updated 02:40 pm EDT, Fri September 16, 2005
Nano, flash storage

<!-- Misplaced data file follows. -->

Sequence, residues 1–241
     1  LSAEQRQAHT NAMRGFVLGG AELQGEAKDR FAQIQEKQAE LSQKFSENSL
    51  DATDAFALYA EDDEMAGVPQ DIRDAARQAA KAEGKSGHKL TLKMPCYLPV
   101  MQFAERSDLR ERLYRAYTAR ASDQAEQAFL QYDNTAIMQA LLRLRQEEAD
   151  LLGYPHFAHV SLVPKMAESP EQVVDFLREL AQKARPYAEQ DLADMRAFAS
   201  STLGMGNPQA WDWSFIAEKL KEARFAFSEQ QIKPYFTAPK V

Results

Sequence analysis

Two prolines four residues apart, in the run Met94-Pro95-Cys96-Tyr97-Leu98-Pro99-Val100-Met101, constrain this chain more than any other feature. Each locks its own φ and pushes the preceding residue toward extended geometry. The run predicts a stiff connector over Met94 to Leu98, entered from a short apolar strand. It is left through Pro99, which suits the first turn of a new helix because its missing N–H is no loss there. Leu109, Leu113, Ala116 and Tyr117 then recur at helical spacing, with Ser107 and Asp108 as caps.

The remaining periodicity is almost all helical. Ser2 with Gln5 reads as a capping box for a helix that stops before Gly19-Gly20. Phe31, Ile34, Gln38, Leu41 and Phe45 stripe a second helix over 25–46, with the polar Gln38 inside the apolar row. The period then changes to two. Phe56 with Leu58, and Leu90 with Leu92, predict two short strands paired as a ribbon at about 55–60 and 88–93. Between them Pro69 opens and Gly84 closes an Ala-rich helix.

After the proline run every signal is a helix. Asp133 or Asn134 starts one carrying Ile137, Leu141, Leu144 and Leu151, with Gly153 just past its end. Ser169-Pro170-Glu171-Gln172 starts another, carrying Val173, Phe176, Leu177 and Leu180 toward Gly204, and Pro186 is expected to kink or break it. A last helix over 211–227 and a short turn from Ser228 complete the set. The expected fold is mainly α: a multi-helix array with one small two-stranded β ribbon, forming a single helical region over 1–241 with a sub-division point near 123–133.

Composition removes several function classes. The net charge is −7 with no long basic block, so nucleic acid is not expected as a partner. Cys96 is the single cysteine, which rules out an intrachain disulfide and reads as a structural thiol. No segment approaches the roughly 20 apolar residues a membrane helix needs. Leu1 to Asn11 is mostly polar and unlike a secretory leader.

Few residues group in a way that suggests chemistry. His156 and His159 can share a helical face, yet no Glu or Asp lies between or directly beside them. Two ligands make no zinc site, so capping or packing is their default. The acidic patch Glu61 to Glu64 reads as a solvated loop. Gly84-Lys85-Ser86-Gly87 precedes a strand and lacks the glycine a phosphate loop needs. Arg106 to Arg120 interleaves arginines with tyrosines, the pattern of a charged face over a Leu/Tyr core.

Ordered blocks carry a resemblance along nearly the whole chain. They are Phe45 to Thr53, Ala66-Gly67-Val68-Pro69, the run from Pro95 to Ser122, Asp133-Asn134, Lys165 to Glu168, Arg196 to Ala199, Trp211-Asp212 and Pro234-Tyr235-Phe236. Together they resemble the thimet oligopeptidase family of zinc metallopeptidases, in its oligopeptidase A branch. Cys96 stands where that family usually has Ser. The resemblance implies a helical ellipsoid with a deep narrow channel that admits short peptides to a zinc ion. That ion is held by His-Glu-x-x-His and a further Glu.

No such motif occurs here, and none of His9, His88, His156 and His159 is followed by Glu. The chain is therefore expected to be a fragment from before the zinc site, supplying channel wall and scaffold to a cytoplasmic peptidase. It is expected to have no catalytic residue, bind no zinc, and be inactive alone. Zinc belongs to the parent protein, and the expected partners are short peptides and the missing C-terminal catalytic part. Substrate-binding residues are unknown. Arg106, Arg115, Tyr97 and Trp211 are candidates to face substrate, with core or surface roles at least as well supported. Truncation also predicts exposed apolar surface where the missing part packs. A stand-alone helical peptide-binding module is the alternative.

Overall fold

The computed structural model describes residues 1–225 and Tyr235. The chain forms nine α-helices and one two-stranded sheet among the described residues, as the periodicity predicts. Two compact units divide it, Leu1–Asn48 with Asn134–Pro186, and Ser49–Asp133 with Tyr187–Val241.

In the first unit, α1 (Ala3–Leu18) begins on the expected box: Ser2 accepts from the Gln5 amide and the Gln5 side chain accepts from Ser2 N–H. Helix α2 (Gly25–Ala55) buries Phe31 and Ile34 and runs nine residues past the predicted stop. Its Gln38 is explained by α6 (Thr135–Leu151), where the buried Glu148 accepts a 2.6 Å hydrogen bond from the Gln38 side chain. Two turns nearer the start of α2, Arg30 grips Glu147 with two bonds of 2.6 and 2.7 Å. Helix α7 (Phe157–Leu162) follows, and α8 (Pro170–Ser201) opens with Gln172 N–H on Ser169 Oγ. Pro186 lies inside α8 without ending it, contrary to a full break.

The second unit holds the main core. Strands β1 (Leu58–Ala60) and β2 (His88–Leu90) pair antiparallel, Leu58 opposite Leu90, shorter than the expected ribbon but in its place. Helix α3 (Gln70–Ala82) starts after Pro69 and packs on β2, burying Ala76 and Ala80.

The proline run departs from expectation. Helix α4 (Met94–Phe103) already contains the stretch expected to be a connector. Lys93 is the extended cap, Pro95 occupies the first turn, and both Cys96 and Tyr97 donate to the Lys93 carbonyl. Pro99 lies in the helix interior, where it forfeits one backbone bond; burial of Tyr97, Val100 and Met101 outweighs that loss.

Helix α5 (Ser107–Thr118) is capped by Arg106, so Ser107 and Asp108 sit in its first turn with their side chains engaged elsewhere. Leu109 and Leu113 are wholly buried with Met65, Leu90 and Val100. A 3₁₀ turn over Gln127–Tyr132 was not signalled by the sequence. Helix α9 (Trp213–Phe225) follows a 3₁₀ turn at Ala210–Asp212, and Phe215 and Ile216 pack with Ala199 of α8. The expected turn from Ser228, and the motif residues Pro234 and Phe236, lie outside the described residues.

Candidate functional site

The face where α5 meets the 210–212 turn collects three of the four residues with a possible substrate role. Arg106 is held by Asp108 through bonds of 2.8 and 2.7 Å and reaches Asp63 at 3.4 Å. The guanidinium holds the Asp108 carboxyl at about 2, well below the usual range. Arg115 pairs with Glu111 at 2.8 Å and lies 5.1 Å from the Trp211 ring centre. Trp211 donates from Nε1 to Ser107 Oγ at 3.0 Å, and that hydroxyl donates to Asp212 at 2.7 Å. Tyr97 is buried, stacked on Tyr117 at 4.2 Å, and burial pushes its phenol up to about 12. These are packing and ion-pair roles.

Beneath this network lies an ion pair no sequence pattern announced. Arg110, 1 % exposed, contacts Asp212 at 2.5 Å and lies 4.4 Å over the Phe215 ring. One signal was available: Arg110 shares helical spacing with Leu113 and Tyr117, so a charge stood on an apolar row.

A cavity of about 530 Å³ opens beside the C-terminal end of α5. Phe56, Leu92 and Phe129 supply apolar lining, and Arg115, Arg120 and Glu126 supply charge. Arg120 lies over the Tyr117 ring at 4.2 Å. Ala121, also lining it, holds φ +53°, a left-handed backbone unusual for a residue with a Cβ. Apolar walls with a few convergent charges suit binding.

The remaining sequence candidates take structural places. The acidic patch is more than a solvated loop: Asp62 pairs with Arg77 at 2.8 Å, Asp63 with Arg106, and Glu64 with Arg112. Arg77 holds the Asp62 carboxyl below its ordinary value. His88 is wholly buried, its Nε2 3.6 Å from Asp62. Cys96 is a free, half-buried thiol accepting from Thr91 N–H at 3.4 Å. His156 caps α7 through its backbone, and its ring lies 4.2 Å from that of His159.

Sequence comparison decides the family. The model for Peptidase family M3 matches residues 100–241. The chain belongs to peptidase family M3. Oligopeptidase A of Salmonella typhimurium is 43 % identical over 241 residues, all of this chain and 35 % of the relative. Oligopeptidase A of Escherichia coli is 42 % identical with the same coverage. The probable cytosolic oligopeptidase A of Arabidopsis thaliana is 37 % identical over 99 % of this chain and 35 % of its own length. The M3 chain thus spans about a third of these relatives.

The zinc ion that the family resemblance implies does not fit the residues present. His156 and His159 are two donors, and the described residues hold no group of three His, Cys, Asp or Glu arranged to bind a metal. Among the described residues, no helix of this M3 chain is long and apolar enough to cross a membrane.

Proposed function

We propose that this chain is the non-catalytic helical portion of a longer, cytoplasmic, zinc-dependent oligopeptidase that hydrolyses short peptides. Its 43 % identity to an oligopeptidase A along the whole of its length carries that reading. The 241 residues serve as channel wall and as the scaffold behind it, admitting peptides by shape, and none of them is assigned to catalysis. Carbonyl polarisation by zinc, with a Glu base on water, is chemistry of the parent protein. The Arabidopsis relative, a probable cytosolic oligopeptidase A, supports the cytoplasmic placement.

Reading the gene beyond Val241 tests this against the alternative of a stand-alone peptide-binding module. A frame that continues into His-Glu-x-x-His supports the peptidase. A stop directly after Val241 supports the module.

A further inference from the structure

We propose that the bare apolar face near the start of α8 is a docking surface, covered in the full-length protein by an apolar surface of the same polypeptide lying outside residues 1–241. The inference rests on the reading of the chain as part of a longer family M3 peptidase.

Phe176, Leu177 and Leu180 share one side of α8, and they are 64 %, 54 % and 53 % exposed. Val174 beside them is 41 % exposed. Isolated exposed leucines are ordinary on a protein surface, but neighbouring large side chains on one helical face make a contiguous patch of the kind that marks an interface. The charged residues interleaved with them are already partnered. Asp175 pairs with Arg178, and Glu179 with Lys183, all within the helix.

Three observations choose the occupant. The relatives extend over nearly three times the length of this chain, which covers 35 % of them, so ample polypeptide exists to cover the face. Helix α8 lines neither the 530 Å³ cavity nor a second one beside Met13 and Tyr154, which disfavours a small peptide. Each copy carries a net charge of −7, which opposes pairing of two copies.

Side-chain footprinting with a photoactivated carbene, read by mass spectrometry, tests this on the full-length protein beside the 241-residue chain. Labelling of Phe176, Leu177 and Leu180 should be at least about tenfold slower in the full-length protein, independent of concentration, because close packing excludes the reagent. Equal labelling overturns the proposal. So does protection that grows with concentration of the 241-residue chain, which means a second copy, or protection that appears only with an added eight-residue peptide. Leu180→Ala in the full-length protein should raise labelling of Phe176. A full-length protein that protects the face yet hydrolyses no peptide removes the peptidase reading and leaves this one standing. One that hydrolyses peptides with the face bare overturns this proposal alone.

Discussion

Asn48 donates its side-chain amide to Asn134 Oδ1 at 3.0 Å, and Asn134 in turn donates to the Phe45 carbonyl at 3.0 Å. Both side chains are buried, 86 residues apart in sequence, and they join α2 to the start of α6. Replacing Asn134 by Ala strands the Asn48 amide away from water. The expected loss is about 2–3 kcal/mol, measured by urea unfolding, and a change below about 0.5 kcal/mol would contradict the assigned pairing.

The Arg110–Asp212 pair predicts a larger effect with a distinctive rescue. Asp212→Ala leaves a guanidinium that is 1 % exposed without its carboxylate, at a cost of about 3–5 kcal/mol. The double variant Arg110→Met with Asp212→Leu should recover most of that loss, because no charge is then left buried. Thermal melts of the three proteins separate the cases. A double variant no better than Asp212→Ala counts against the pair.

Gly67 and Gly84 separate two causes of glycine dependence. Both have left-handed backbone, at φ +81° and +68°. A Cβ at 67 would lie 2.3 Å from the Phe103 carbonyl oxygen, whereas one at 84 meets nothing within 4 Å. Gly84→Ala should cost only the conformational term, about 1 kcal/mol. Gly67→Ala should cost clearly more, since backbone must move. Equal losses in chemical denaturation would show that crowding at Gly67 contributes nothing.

A report issued today suggests that the in the flash storage market using Apple's promotional muscle. According to one analyst from the St. Louis Post-Dispatch, this could mean the end of traditional hard disk storage. Believed to be one of Apple's most intelligent products, the report cites the Nano's storage capacity with research suggesting that most music lovers keep no more than 375 songs on their players. However, the recent development of a flash chip harboring 32GB of storage -- and chips with four times that capacity on the way -- suggests that "flash's potential seems limitless; all it needs now is promotion." Should the iPod nano succeed, driven to shelves by Apple's massive marketing capabilities, then "the ubiquitous, spinning, crash-prone hard disk drive is well on its way to a museum shelf."